Astronomy: A Doodle, a Song, a Reading List

Google Doodle marks scientist's birthday.
Google Doodle marks a noteworthy astronomer’s birthday today. Big Universe supports the sciences 24/7 with 1000-plus online math and science books for children.

Did you see the Google Doodle today? It’s awesome and animated. I sincerely love it when the beauty of science and the accomplishments of scientists and researchers are lauded. Thank you, Google.

Although I’m a writer by trade, I’m a science enthusiast to the core of my being. Big Universe does a great  job of supporting science literacy. We have more than a thousand math and science books for kids online – at all reading levels. The website’s search tools make it easy to find what you are looking for.

Today’s Google Doodle marks the 540th birthday of Nicolaus Copernicus, the founder of modern astronomy. Back in his day, the rest of humanity thought the Earth was the center of the universe. Copernicus, however, insisted that the Earth revolved around the sun along with the planets. His idea was not well received. Years later, Galileo and his trusty telescope confirmed Copernicus’ theory.

Big Universe’s “Rourke’s World of Science Encyclopedia, Volume 7” is an excellent place to start exploring the topic of space. The book’s whole focus is astronomy. Or click this link to the Planets page on Big Universe Learning for other leveled-reading options.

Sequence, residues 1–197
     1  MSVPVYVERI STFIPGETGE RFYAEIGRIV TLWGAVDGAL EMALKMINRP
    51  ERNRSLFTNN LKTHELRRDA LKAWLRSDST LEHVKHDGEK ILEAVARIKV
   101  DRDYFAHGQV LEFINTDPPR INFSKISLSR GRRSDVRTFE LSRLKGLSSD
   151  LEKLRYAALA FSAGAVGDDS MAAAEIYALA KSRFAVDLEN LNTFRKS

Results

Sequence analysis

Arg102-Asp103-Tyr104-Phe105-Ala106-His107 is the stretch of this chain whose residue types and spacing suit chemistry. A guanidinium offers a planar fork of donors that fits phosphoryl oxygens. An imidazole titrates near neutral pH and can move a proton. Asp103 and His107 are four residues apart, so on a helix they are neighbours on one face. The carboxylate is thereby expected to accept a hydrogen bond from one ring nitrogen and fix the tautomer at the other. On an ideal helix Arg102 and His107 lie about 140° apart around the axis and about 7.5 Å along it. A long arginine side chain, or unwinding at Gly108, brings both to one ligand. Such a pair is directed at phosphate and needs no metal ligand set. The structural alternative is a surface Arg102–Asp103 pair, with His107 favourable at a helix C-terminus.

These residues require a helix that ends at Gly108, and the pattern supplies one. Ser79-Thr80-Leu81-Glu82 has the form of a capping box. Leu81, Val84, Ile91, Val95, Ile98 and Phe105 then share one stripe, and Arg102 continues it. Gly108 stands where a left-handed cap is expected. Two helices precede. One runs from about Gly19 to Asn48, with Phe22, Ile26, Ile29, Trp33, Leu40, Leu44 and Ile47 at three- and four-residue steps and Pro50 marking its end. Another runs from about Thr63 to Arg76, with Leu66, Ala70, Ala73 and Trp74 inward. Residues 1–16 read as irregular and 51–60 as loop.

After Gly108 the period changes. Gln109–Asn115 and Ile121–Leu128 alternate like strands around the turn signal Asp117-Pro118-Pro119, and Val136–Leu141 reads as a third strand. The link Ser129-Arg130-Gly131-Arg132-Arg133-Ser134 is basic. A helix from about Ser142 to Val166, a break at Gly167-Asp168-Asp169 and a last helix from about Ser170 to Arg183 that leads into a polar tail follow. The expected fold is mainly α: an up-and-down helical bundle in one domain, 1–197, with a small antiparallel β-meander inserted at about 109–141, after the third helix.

One more thing.  I have a song to pass along. Please tell your students that it’s a late valentine from me to them. It’s an educational song on Youtube that’s sure to get stuck in their heads. It’ll help your kids memorize the planets in our solar system. Who can resist a catchy song, right?

Here’s the link for Planet Jive and the lyrics:


Mercury now is the one closest to the shining sun.

Venus, Earth and then comes Mars orbiting that burning star.

Jupiter is next to them, largest in the solar system.

Saturn keeps on orbiting, see how the rings keep circling.

Uranus looks blue and green. It’s cold, at minus 353 degrees.

Neptune is the bluish one, its atmosphere is hydrogen.

Pluto is the furthest out, the smallest planet there’s no doubt.

Nine planets orbiting the sun make up our solar system.


*Note: Interested in reading more about using music in the classroom? Click the following links to articles by Big Universe blogger Elizabeth Peterson: “Music in Our Schools”  or “The Arts and Literacy: Part Two”.


The Arts and Literacy: Part Two

Last week, we took a look at how drama and movement can be integrated with literacy.  This week, we take a closer look at music.

Music and literacy go hand in had.  The parallels between the two are amazing.  In fact, someone can work all their life to become literate in music, just as one may do so to become literate in a language.  You must learn to listen to it, read it, write, perform it and respond to it.  This is the same for language: you listen, read it, write it, speak it, and respond to it.  In essence, anyone who studies music can become a more effective language learner.

Music Listening and Reading

Let’s first consider the parallels between music listening and reading.  When someone reads, there are things they do before, during and after the experience. In fact when we teach reading, our lessons are structured around this format.

The same applies to listening to or “reading” music.  Before you listen, you must know some background about the genre, composer or piece. While you listen, you are concentrating on the experience by becoming familiar with the music as you listen to it many times. After you listen, you interpret what you have just experienced by making judgments about the music.